Reference : Spatial heterogeneity of leaf wetness duration in winter wheat canopy and its influence ...
Scientific journals : Article
Life sciences : Phytobiology (plant sciences, forestry, mycology...)
Life sciences : Agriculture & agronomy
http://hdl.handle.net/2268/79203
Spatial heterogeneity of leaf wetness duration in winter wheat canopy and its influence on plant disease epidemiology
English
Mahtour, Abdeslam mailto [Université de Liège - ULg > > > Doct. sc. (sc. & gest. env. - Bologne)]
El Jarroudi, Moussa mailto [Université de Liège - ULg > Département des sciences et gestion de l'environnement > Département des sciences et gestion de l'environnement >]
Giraud [> >]
Delfosse, Philippe [> >]
Huber, Laurent [> >]
Hoffmann, Lucien [> >]
Tychon, Bernard mailto [Université de Liège - ULg > Département des sciences et gestion de l'environnement > Département des sciences et gestion de l'environnement >]
7-Jul-2010
Phytopathology
American Phytopathological Society
Yes
International
0031-949X
Charlotte
USA
[en] Leaf wetness duration ; Spatial heterogeneity ; winter wheat ; plant disease epidemiology
[en] Leaf wetness duration (LWD) is an important factor influencing the occurrence of plant disease
epidemiology. Despite considerable efforts to determine LWD, little attention has been given to
study its variability within the canopy. The objective of this study was to evaluate its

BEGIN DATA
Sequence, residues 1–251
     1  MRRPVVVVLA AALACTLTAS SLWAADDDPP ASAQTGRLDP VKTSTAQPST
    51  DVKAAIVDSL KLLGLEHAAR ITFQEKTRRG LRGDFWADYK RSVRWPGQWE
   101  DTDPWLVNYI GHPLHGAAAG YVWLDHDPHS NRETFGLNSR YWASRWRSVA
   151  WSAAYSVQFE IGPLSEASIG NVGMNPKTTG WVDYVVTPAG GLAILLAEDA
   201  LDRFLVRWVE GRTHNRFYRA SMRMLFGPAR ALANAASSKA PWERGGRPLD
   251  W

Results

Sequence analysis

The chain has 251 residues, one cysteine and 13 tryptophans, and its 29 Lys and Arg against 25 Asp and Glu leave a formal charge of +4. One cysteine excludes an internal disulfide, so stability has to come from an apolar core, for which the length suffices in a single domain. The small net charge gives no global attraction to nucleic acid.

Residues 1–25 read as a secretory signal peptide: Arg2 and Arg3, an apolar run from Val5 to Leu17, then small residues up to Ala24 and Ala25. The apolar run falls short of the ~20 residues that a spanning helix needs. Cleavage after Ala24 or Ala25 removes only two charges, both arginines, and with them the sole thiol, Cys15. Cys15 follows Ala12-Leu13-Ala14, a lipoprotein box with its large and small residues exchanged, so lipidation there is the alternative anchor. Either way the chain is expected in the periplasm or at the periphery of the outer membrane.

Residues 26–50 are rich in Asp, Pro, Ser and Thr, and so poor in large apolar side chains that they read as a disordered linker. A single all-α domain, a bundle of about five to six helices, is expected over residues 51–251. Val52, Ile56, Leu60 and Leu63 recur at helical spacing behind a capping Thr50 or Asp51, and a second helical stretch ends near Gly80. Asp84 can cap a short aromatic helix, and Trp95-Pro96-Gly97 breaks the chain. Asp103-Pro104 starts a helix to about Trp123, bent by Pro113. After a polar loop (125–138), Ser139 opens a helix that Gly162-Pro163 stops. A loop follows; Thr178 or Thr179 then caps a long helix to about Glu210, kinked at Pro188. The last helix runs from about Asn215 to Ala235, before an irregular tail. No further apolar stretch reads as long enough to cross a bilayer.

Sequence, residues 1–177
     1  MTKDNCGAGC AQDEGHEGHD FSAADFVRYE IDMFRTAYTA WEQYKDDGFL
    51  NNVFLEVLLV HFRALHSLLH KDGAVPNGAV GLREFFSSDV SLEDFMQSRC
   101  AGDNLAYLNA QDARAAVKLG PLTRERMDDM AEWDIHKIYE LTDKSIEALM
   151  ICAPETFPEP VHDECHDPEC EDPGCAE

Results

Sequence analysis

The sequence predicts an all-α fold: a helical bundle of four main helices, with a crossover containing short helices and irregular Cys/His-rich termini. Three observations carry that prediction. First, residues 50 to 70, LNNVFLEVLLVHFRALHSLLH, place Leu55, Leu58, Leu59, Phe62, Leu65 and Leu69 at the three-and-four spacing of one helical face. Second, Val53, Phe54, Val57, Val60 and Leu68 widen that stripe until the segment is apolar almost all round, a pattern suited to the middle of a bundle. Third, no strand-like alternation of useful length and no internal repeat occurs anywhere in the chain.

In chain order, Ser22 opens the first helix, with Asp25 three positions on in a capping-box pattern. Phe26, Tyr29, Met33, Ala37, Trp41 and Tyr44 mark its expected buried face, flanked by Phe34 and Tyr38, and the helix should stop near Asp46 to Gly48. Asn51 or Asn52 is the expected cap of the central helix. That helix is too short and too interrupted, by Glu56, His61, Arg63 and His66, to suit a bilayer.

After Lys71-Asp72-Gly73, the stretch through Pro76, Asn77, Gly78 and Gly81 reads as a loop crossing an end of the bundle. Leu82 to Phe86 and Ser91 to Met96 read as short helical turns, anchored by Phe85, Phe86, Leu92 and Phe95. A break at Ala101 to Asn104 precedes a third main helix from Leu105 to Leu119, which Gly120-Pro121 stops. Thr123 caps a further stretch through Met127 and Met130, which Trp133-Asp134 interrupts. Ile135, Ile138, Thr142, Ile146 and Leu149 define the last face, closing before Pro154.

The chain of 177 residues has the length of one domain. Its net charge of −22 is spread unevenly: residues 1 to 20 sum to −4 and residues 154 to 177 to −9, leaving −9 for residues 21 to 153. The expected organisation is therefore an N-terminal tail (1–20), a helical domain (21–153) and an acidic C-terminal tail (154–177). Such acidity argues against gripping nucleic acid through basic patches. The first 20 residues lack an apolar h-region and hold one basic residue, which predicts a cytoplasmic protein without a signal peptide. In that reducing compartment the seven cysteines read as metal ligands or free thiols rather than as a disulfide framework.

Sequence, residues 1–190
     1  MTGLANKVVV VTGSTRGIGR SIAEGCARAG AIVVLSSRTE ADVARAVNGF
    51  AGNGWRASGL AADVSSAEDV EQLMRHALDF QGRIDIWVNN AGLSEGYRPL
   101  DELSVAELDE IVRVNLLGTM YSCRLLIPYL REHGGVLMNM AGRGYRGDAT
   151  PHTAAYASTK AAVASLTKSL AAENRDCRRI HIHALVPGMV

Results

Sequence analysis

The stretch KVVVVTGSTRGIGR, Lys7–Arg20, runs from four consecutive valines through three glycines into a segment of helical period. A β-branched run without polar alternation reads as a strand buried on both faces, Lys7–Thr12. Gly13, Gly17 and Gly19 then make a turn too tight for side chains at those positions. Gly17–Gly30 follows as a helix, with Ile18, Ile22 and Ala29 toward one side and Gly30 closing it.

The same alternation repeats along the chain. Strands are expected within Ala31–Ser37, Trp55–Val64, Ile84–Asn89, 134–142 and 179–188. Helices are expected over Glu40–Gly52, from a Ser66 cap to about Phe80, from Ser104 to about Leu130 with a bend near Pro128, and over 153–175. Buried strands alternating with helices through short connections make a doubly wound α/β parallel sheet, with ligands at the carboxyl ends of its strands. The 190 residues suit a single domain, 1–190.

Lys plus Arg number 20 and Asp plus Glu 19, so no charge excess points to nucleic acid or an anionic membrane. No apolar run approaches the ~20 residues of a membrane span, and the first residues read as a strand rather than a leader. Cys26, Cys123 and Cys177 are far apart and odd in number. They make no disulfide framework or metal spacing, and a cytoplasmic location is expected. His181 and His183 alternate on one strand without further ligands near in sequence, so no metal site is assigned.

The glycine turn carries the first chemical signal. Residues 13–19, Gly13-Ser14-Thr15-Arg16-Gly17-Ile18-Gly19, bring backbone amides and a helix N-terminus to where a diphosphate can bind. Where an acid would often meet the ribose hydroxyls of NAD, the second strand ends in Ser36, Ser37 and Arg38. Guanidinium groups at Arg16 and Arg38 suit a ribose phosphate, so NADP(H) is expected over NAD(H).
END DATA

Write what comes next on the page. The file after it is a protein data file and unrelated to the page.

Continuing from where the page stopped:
spatiotemporal variability in wheat fields in a heterogeneous landscape. The spatiotemporal
variability of LWD was evaluated in a site close to Arlon (Belgium) during the period May to July
2006 and 2007. LWD measurements were made using a set of flat plate sensors deployed at
five different distances from a 18 m high hedge (5, 10, 20, 50, 100 m). Each set of two
sensors was placed horizontally close the flag leaf. In addition, we collected the amount of
dew water that deposited on rigid epoxy plates placed next to each sensors. Experimental
results showed that LWD measurements revealed substantial heterogeneity among sensor
positions. LWD is longer for sensors closer to the hedge mainly because of its shadowing
effect. 3 to 4 hours of difference was observed between sensors located at 5 m and those
located at 100 m, and besides, a significant quantitative difference (p < 0.0001) of dew
deposit was observed between area beside hedge and those placed at 100 m. In summary, this
study provides new information on how wetness is distributed on wheat leaves according to
the distance from a hedge. This leads to local microclimate conditions that will contribute to
the disease spatial heterogeneity.
Universite de Liège
Researchers ; Professionals ; Students ; General public
http://hdl.handle.net/2268/79203
2010 APS Annual Meeting

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